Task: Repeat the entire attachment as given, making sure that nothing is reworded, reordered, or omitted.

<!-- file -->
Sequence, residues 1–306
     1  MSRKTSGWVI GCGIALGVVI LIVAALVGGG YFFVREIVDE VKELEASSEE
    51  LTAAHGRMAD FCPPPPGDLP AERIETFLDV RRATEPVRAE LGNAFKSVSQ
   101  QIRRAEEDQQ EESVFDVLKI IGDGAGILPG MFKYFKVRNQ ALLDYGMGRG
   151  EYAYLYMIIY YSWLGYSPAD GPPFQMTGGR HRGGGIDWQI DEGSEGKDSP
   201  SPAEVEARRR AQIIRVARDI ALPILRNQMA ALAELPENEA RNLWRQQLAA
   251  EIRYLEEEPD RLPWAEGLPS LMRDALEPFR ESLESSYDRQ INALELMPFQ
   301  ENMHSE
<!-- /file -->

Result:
Sequence, residues 1–306
     1  MSRKTSGWVI GCGIALGVVI LIVAALVGGG YFFVREIVDE VKELEASSEE
    51  LTAAHGRMAD FCPPPPGDLP AERIETFLDV RRATEPVRAE LGNAFKSVSQ
   101  QIRRAEEDQQ EESVFDVLKI IGDGAGILPG MFKYFKVRNQ ALLDYGMGRG
   151  EYAYLYMIIY YSWLGYSPAD GPPFQMTGGR HRGGGIDWQI DEGSEGKDSP
   201  SPAEVEARRR AQIIRVARDI ALPILRNQMA ALAELPENEA RNLWRQQLAA
   251  EIRYLEEEPD RLPWAEGLPS LMRDALEPFR ESLESSYDRQ INALELMPFQ
   301  ENMHSE